“I’ll tell you, the President is interested in this work because he started off working on the South Side of Chicago, walking through neighborhoods that probably felt a little like what this mall felt like a few years ago, right? And people can now see hope. He wanted to bring a different kind of approach. He knew he wanted the federal government back then to be a partner. We’re trying to create the federal government that can be that type of partner here, and I’m just so gratified to be back and the see the progress that you’re making. I can’t wait to come back. (I’ll) keep watching as Fresno grows and develops and becomes the vision that all of you want it to be. Congratulations.”

ABC30 reporter Gene Haagenson asked if it’s fair to say the feds think they’re getting their money’s worth in Fresno.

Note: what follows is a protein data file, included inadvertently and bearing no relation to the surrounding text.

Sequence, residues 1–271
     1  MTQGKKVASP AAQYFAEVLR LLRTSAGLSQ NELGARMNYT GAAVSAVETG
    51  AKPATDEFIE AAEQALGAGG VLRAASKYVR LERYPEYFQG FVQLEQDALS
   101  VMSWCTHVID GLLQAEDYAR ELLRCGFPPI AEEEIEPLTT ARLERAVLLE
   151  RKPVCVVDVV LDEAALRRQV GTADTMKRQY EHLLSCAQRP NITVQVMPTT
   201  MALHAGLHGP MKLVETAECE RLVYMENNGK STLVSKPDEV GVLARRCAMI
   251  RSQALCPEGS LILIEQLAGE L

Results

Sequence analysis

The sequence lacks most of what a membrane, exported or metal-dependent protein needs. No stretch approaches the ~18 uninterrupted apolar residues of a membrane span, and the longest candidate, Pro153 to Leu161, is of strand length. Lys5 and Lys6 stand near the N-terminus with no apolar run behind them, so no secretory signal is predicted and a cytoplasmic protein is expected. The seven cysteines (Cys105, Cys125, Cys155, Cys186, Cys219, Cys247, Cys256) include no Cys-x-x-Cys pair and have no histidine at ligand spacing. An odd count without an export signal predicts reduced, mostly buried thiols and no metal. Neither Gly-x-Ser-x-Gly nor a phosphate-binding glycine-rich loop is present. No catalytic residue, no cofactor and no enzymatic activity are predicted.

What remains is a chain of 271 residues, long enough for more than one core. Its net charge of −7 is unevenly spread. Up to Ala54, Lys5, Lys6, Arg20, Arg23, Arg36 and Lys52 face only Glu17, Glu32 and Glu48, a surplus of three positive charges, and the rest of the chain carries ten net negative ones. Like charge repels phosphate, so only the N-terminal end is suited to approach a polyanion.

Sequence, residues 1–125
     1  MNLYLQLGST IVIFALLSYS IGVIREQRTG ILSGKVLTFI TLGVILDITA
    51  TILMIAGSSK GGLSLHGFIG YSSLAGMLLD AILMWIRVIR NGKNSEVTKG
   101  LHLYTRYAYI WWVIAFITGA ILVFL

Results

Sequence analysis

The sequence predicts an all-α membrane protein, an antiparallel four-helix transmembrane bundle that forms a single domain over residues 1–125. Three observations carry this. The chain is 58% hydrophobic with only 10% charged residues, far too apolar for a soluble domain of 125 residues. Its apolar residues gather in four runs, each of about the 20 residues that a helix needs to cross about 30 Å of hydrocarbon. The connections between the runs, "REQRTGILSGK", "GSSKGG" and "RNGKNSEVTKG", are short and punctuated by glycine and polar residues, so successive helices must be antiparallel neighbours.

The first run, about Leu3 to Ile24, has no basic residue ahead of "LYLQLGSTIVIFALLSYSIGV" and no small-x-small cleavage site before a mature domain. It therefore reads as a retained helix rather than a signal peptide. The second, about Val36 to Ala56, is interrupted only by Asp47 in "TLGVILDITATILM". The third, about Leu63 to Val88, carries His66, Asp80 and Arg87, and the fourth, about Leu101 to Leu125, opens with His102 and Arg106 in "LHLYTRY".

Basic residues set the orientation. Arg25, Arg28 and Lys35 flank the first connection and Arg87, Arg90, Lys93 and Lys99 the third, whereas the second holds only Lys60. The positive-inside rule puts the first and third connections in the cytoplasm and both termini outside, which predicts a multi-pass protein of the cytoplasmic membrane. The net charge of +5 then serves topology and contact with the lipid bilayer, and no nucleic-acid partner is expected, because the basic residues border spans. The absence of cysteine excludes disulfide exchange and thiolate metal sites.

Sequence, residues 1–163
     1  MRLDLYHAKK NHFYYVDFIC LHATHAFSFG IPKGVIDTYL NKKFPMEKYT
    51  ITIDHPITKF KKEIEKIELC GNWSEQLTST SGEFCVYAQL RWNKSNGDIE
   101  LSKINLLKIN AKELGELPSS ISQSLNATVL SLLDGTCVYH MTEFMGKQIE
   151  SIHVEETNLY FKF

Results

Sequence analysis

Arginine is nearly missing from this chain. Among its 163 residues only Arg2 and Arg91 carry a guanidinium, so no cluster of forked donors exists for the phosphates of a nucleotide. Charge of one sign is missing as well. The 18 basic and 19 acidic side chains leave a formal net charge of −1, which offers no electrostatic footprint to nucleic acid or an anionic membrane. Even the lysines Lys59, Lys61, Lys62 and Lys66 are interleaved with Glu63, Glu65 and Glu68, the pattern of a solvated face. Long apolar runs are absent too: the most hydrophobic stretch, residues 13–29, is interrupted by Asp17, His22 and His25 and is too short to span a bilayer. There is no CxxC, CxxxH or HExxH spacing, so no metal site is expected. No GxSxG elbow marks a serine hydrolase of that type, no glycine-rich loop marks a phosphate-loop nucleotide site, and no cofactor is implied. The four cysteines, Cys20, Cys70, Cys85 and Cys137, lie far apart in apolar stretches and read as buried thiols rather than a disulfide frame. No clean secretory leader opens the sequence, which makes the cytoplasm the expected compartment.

“Well, look, here’s just one example, right?” Donovan said, referring to Fulton Corridor construction going on a few yards away. “Often, what we did was provide the early seed money. I remember there were grants of a few hundred thousand dollars. We had one $95,000 grant that we put in to try to help connect the agriculture that’s happening not just here in the city but all across the Valley to new technology. In fact, that’s taken off, with other people coming in, private money coming in. We put early money into planning that was done to help redo the plan and all the zoning changes that’s leading to the changes you see here.